The University Gallery’s latest exhibition, Vintage, brings together forgotten images of the Hunter Valley’s wine grape vintages captured by the legendary photographer Max Dupain.

Dupain took the photographs on commission in 1950 and his skill in capturing the Arcadian beauty of the everyday work of vignerons, grape harvesters and cellar hands seamlessly combines the world of art with the world of wine.

The McWilliam’s Mount Pleasant images are held in the National Library of Australia but are little known within Dupain’s wider body of work. The equally significant but never-before-exhibited Tulloch photographs were gifted by Dupain to the Tulloch family in an album of original photographs printed by Dupain himself.  Presented together, the Mount Pleasant and Tulloch photographs reveal a little known part of Australia’s farming past and the labours of love that produced some of the most memorable wines of the early 1950s.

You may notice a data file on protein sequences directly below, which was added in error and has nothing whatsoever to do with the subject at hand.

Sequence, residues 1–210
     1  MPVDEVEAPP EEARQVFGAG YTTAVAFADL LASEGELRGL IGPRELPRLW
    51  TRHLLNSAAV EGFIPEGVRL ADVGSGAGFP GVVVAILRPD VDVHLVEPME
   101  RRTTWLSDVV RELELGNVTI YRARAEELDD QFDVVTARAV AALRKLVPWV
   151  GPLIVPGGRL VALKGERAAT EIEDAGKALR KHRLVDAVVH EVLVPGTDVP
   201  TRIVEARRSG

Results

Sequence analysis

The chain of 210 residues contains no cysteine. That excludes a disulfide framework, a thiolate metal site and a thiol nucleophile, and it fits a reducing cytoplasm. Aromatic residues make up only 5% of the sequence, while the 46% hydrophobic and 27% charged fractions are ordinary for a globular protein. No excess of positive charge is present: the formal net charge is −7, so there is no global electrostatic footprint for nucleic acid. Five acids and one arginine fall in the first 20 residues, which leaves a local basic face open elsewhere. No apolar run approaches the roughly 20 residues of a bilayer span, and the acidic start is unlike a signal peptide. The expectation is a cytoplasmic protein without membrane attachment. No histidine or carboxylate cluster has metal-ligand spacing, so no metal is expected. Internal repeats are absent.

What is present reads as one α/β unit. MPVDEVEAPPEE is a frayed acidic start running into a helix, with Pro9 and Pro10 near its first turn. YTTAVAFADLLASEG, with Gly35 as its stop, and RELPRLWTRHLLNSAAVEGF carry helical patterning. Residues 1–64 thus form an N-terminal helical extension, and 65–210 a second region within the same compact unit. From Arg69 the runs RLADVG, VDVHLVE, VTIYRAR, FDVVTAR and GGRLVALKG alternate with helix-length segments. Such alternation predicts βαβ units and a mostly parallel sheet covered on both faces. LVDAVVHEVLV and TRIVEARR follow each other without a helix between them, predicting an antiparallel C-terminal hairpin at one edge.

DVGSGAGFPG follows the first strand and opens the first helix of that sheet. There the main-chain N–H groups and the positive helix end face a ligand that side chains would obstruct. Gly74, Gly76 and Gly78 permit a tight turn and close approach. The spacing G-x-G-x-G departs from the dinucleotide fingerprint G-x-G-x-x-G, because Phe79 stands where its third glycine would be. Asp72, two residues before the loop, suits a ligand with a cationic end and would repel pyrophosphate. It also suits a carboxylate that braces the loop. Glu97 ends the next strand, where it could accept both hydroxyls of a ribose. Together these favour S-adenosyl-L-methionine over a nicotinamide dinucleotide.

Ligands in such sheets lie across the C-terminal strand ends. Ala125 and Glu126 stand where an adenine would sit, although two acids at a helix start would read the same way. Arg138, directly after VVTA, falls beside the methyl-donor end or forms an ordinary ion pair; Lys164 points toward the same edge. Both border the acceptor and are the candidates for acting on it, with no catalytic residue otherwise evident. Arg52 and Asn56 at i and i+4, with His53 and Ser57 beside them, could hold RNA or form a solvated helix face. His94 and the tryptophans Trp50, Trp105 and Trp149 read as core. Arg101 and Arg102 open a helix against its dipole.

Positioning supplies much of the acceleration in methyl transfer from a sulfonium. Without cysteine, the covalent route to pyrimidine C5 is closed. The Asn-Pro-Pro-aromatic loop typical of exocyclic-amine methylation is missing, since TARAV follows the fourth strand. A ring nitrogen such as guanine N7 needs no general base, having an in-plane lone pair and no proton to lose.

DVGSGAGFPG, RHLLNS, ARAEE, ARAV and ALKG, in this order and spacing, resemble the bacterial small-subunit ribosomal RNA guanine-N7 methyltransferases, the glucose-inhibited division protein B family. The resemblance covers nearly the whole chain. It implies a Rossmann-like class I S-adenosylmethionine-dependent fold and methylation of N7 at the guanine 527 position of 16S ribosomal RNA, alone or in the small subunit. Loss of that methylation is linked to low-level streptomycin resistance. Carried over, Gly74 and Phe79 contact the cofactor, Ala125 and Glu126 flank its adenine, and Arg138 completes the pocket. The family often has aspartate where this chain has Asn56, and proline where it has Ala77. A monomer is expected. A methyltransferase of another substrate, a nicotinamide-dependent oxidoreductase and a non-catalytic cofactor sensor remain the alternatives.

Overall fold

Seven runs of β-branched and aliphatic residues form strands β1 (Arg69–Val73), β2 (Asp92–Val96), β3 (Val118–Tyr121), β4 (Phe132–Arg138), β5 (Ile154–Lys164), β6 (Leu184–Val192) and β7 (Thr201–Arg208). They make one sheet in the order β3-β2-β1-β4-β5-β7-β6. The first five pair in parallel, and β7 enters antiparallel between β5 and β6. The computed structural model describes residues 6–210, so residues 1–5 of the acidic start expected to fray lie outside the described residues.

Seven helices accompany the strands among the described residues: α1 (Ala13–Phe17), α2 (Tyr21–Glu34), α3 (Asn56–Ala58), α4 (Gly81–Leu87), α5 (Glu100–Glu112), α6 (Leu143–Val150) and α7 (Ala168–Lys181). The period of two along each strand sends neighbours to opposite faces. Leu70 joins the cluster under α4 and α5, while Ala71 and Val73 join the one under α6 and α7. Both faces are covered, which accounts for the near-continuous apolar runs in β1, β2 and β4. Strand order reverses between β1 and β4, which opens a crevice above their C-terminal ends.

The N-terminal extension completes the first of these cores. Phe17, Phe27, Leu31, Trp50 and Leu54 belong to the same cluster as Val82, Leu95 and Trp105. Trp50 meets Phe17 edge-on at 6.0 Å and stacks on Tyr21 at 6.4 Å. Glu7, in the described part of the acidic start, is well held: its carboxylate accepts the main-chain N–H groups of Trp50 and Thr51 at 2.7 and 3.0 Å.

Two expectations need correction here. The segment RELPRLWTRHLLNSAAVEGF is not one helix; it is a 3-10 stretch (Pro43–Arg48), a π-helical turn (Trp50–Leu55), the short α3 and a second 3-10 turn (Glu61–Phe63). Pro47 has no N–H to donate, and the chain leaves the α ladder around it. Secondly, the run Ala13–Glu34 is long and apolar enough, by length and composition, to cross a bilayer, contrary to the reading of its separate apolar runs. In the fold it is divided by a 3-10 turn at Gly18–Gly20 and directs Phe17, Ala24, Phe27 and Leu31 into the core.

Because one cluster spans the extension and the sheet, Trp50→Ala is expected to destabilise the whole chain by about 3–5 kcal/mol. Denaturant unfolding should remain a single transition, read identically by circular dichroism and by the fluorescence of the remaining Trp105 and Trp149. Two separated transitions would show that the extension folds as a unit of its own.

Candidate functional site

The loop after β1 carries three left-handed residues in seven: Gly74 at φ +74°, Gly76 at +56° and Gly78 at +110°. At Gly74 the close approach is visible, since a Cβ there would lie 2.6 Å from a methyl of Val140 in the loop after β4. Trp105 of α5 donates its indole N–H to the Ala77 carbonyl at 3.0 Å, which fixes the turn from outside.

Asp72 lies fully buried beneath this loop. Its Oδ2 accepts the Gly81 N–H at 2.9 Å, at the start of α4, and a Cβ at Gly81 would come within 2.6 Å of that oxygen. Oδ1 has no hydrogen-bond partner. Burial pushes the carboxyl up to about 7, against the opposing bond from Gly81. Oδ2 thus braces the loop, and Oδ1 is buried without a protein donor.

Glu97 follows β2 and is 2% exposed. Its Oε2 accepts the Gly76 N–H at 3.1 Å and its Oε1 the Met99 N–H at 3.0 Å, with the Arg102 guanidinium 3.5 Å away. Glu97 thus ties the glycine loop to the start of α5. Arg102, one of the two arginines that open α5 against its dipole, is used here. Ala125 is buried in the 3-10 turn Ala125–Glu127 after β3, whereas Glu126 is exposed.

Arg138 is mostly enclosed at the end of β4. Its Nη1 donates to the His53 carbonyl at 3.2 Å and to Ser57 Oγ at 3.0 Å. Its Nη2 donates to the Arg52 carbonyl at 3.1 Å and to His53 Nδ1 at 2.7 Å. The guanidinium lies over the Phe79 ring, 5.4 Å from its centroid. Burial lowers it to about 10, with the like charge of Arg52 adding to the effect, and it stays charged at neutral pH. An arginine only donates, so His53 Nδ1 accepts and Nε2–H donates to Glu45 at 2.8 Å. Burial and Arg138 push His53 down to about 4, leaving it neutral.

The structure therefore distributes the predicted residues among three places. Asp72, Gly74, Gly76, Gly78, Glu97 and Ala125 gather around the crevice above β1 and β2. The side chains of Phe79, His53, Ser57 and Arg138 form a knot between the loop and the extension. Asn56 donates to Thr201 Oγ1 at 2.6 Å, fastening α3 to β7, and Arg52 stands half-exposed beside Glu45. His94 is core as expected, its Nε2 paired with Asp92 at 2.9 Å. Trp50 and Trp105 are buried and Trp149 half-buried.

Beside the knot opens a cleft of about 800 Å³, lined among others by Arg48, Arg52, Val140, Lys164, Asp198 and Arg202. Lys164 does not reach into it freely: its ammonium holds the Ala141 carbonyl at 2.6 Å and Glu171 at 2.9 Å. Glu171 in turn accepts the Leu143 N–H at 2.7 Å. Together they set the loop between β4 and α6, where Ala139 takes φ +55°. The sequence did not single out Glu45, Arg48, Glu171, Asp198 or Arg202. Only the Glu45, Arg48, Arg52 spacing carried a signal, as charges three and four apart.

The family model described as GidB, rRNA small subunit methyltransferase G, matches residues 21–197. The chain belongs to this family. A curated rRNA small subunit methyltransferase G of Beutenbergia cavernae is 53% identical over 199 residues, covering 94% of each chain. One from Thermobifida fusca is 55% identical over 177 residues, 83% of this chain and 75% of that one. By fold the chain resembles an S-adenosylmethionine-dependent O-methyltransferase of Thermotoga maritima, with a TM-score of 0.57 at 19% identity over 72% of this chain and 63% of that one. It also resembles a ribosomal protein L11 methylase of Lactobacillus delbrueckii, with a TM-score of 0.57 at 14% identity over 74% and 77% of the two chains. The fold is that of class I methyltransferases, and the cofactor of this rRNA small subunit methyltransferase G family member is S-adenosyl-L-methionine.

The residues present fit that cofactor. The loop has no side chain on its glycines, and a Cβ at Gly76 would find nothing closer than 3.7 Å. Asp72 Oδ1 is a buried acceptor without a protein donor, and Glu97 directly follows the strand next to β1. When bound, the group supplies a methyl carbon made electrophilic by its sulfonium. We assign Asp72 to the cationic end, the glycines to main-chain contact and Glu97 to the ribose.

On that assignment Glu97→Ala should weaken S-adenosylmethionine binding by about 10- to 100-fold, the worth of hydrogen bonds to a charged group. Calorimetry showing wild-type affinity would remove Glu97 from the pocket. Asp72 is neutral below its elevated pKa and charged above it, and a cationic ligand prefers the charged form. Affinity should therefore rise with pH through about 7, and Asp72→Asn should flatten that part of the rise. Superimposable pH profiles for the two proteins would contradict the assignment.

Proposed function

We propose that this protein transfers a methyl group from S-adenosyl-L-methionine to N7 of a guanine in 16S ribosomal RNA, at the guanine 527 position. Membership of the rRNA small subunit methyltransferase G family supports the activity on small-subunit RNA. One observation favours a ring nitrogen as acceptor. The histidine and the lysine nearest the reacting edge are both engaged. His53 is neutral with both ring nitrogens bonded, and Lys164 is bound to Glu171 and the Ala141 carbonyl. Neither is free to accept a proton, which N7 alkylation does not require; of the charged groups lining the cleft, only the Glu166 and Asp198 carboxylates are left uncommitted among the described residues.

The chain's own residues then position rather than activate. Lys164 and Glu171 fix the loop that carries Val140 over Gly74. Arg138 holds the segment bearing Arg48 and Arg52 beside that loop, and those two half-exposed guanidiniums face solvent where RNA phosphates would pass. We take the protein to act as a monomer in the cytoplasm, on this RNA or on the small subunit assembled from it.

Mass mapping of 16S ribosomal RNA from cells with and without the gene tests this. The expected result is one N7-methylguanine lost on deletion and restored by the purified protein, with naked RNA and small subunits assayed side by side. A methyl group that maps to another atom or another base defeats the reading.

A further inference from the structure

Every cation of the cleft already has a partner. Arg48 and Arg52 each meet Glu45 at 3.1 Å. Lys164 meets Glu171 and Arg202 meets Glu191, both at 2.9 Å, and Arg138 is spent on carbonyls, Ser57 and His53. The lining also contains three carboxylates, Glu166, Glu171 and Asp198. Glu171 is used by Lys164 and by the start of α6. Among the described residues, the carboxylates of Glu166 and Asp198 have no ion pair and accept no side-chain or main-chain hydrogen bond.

Vintage officially opened last Thursday at an event that also launched University of Newcastle historian Dr Julie McIntyre’s new book First Vintage: wine in colonial New South Wales.

Dr McIntyre’s book reveals the importance of wine growing in early Australia and features several reproductions of Dupain’s photographs.

The Vintage exhibition is supported by the Faculty of Education and Arts and the Faculty of Business and Law as part of their commitment to interdisciplinary research in wine studies.

The exhibition runs until December 1. Gallery hours are Wednesday to Saturday from 12-6pm.